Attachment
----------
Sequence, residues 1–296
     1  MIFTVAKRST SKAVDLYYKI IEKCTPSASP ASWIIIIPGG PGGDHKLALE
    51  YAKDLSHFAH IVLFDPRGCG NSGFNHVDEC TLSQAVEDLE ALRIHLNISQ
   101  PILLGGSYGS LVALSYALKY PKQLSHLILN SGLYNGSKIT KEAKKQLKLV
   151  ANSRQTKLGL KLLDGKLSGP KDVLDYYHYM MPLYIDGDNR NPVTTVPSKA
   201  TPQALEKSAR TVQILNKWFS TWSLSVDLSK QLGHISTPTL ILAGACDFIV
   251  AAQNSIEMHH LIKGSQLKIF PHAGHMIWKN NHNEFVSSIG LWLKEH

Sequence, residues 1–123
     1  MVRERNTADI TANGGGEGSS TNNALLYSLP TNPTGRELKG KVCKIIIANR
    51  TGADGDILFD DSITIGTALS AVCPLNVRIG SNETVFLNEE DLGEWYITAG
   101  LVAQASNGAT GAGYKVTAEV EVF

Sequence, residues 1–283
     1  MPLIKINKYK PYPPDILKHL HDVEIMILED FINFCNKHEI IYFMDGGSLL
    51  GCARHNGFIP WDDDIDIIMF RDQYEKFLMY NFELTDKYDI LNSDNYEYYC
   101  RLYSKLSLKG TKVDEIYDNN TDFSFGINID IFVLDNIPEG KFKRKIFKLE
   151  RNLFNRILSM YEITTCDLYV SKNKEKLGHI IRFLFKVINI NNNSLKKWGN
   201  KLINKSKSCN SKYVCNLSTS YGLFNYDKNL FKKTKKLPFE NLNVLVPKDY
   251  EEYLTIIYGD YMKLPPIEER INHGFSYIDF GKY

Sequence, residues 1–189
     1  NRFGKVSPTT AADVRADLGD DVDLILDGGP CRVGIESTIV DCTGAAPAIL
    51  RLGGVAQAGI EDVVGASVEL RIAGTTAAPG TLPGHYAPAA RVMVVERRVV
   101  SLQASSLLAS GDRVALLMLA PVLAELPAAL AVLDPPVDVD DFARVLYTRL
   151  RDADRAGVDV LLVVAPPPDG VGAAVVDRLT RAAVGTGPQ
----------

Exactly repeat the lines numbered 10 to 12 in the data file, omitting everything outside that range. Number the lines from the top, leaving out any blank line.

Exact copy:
    51  TGADGDILFD DSITIGTALS AVCPLNVRIG SNETVFLNEE DLGEWYITAG
   101  LVAQASNGAT GAGYKVTAEV EVF

Sequence, residues 1–283